“291”—a positive electron ever ready to use its powerful dynamic
force for the destruction of the deadly microbe. Being positive, it cannot
be isolated—tho it stands alone. It is a strain centre in stable orbital mo-
tion round a common centre—recognizable and identified.
The electric waves produced are circulated by Heat, Friction and Ac-
tion, or, if you will, Passion, Thought, and Expression. The works shown
at “291” are comets which go on their way with all strength and never
make apologies, even if their tails should strike the earth. Shock absorbers
are not necessary, nor are they desired.
At this generating station there is high pressure, strongly felt by those
who are susceptive to messages of passionate spontaneity, by those true
selves and not borrowed selves, by those who are capable of feeling that
“291” breathes and lives and who enter into its consciousness, the centre
of which is unconscious, by those whose sight can pass into vision, by those
who can see the clearness of opacity and the clearness of the obscure, by
those who are elemental. These are the conductors of the electric waves.
And so the wheel turns on throwing off its electric sparks—the force
acting upon the atom and the soul acting upon force. The circle has
returned upon itself.
A natural force is this electron, synonymous with life, synonymous
Helen R. Gibbs
I have been invited to say what “291” means to me. It means to me
a personality—that mainly. On my infrequent visits to New York I am drawn
invariably to “291.” I go not to see the latest extravagance in pictorial
expression, but to hear, be inspired by a Man, and to breathe the whole-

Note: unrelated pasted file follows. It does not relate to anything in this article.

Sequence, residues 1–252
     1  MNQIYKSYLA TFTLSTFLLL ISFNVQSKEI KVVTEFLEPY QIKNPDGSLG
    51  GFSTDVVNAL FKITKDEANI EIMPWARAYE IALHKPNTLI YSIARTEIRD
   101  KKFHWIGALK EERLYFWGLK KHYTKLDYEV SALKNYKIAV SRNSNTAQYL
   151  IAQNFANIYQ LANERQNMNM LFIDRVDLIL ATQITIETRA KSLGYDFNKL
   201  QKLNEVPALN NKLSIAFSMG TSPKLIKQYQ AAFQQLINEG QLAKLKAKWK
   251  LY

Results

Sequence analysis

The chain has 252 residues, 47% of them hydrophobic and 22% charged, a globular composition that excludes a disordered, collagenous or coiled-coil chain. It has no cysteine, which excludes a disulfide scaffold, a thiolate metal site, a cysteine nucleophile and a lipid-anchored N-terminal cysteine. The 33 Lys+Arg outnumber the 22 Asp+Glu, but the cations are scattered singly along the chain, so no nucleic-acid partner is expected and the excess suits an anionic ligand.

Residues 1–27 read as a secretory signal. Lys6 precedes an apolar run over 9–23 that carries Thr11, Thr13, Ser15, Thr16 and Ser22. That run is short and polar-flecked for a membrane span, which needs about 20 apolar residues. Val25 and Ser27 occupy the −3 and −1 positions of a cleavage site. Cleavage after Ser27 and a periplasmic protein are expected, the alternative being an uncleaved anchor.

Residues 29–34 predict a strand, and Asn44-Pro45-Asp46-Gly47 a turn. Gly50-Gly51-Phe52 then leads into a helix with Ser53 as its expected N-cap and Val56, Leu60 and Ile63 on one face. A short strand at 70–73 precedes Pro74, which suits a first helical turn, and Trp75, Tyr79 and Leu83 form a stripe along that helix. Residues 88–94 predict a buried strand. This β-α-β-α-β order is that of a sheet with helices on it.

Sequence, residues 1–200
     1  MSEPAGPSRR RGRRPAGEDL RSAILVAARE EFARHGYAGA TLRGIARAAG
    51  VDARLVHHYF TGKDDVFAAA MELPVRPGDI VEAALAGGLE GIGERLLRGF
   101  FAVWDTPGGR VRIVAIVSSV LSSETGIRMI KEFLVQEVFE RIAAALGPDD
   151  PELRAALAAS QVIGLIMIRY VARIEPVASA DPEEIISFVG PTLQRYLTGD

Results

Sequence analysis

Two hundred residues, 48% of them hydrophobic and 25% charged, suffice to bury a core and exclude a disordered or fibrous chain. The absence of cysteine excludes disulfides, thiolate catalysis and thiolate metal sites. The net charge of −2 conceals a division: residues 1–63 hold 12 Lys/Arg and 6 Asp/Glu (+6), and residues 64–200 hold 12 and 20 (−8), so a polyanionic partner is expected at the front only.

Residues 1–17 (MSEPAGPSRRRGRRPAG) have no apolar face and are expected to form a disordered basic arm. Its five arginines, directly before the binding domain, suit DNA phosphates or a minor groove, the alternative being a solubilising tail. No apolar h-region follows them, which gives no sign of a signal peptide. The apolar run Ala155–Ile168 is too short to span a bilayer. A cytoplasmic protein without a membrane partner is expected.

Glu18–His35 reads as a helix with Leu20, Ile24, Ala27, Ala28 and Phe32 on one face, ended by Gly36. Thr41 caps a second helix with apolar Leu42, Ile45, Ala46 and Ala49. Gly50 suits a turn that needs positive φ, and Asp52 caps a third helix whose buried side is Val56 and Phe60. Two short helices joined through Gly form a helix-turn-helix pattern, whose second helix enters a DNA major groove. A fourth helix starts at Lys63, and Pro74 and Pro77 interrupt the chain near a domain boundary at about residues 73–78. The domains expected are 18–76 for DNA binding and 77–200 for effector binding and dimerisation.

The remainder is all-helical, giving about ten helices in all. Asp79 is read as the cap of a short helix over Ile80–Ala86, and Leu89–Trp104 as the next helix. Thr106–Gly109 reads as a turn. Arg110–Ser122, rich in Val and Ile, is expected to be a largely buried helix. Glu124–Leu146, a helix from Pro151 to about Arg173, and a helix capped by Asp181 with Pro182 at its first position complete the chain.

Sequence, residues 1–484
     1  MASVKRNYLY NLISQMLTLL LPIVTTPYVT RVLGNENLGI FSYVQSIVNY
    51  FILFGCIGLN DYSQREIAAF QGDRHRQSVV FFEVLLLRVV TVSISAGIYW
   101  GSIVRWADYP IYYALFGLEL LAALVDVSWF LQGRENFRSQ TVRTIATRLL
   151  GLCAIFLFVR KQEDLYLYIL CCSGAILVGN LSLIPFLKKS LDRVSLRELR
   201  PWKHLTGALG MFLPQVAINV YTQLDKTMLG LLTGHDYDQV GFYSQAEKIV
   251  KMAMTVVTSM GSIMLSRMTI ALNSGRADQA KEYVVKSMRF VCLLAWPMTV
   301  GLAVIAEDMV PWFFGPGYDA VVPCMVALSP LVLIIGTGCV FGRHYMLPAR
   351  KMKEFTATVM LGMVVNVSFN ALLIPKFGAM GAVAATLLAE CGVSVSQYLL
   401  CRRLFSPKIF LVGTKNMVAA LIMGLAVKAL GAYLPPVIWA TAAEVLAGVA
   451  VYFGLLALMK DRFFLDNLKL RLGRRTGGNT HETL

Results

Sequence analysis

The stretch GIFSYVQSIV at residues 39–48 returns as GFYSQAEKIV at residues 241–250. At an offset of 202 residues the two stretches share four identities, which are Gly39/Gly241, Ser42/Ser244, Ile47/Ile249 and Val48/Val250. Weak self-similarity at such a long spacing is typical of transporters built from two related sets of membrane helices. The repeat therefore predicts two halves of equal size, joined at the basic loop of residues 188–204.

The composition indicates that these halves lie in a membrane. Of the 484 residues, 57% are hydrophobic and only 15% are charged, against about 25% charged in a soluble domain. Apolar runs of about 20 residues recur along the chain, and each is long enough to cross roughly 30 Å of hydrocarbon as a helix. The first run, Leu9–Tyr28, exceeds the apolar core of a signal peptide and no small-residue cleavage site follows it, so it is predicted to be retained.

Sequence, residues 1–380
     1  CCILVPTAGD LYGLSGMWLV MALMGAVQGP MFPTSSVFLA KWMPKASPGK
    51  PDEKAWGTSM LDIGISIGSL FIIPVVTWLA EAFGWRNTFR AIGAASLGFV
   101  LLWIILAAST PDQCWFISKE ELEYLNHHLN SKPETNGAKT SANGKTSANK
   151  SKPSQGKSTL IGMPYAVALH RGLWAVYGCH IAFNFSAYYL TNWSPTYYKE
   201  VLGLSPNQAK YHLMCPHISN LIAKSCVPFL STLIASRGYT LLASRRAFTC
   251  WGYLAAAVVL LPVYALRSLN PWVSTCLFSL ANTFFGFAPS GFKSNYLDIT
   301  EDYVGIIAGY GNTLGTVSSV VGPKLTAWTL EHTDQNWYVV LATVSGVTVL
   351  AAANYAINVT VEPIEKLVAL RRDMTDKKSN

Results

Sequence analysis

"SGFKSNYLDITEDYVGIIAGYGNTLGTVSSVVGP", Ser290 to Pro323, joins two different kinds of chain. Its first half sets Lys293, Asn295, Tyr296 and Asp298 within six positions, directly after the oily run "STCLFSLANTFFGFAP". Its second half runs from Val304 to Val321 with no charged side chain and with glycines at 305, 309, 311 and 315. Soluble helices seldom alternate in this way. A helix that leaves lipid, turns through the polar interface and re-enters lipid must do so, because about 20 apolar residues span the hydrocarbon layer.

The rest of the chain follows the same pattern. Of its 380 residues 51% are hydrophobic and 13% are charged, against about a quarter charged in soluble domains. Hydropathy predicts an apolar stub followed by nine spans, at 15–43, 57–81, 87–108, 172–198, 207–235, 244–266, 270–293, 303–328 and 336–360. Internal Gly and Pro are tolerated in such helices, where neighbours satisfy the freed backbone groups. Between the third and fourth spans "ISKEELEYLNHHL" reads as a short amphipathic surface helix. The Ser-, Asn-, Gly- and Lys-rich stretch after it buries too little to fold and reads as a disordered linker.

some atmosphere of “291.” Association, however brief, with one who is the
soul of sincerity and disinterestedness, who exudes enthusiasm, is healthful.
So I feel. As I conceive it “291 ” is a quite natural development or evolution
of the Photo-Secession. The Photo-Secession was this Man as much as
“291” is this Man. The Photo-Secession had a purpose and mission which
have been accomplished. “291 ” is but attempting to add to that accomplish-
ment a supplementary one. I do not pretend to say that I understand, and
of course, therefore, cannot appreciate the aesthetic intention of the majority
of the originators of the paintings and drawings exhibited at “291” in recent
years. Many have indicated certainly, “a great struggling to express” which
to one sympathetically inclined has seemed at times distressingly painful
and pathetic. No doubt it is I who am unseeing that is deserving of pity.
But all this has no direct relation to my intense interest in and real regard
for “291,” its aims and ideals.
In a World, where even Art is prostituted to commercialism, it is good
to know of one spot where this taint is not.
H. Mortimer Lamb